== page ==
The 17th Conference of the International Working Group for Palaeoethnobotany (IWGP) took place in Paris from July 4th-9th 2016. Attending this conference has been on my academic to-do list for years. Why the delay?
This conference only happens every three years. Three years ago, I was in the middle of an excavation season in Ethiopia when the 16th IWGP Conference took place. Fast forward three years, my schedule allowed me to attend the 17th conference.
First, if you’re not too sure what palaeoethnobotany is, check out this post.
Second, if you’re familiar with palaeoethnobotany, but never heard of this conference, here is a quick rundown:
IWGP’s first conference occurred in 1968 at Kacina Castle near Prague (now in the Czech Republic). The aim was to bring together scholars studying archaeological plants remains in order to better understand the activities and environments of past human populations and exchange ideas. While the original focus was mainly on the Old World, scholars working in different regions have always been welcome. For archaeobotanists, this is an important international conference to attend.
Though this was my first IWGP, I certainly hope it won’t be my last. For me, good people with interesting ideas make a worthwhile conference. IWGP definitely had that for me and a bit more. Here are three reasons why I hope to attend this conference again:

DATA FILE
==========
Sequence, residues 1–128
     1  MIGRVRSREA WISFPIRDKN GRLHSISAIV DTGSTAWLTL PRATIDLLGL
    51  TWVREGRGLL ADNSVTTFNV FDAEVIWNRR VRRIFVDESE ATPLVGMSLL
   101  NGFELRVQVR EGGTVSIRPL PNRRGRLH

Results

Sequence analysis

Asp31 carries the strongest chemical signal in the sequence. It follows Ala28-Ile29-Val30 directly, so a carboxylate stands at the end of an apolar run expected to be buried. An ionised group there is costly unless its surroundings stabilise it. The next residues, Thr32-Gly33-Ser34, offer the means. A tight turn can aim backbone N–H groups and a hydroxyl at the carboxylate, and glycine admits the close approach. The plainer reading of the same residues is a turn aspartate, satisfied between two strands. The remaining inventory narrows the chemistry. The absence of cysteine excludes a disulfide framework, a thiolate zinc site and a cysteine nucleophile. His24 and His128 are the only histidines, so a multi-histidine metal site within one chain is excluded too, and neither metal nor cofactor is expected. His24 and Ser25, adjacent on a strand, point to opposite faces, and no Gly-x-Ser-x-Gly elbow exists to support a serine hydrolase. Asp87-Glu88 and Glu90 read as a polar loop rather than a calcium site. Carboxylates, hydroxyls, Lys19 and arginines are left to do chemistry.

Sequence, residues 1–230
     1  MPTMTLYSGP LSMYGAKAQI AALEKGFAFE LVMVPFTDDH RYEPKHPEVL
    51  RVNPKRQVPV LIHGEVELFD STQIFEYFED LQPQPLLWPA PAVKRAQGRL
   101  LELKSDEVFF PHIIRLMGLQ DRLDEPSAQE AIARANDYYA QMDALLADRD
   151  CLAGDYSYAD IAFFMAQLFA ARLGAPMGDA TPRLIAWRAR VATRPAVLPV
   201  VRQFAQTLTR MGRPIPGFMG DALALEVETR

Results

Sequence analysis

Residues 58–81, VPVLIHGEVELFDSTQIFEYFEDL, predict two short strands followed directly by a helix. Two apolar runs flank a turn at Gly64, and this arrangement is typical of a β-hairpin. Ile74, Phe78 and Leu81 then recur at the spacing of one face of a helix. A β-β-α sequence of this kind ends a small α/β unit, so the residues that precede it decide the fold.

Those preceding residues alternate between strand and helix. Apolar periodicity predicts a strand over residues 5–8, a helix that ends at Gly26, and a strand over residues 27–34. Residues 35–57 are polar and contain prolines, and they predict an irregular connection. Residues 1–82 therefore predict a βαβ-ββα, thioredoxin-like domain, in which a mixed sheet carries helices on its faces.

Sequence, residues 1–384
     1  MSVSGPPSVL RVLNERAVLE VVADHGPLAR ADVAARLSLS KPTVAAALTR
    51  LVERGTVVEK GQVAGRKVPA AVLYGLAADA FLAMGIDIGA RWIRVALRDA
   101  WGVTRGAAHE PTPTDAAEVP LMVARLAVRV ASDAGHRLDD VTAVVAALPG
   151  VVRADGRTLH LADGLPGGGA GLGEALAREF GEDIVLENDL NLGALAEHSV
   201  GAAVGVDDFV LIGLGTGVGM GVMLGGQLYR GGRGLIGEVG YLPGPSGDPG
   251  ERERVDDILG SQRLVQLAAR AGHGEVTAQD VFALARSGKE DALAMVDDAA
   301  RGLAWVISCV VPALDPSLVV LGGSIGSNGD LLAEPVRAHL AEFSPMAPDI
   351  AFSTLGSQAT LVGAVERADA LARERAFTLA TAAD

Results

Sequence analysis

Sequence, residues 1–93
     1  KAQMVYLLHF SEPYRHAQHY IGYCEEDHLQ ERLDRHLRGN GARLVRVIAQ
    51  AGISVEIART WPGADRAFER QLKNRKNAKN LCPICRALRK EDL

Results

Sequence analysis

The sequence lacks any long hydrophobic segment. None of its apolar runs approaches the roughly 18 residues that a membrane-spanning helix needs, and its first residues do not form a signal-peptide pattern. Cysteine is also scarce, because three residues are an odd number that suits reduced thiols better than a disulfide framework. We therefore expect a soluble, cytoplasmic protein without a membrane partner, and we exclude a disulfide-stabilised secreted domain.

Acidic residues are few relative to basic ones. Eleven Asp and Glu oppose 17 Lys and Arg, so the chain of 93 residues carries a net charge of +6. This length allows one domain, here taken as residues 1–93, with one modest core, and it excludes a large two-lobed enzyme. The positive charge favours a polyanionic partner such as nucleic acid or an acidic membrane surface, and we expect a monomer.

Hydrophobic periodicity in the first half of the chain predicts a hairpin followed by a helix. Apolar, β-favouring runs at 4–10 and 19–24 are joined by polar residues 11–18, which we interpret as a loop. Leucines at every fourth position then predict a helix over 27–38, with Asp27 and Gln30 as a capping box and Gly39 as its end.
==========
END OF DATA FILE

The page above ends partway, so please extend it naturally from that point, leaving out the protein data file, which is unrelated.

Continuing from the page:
- Plant Focus: This might seem obvious; however, it is worth pointing out. As an archaeobotanist, it’s really nice to go to a conference where you can meet colleagues and dive into the nuts and bolts of archaeobotanical issues and research. Don’t get me wrong, I truly enjoy other thematic conferences, but if you follow this website, you know I have a thing for plants.
- Diversity: Though this was my first IWGP conference, I was told by many participants that conference continues to get bigger and bigger. The organizing committee had to create parallel sessions (for the first time) due to the large number of papers that were submitted. To be honest, the sheer amount of talks was almost overwhelming; however, I really appreciated the diversity of geographic areas, time periods, and methods that were covered. It was insightful to see what was happening around the world.
- Location: The organizing committee and the conference participants seem to appreciate great locations. Paris, especially the Jardin des Plantes, was a fantastic spot from a plant-themed conference. In addition to the academic program, this year’s conference provided participants access to museums, greenhouses, and more. The 18th meeting will be in Lucce, Italy, which looks both gorgeous and delicious. If any fellow archaeobotanists are reading this, I hope to see you there.
If you want more information, check out the IWGP website: http://www.palaeoethnobotany.com/index.php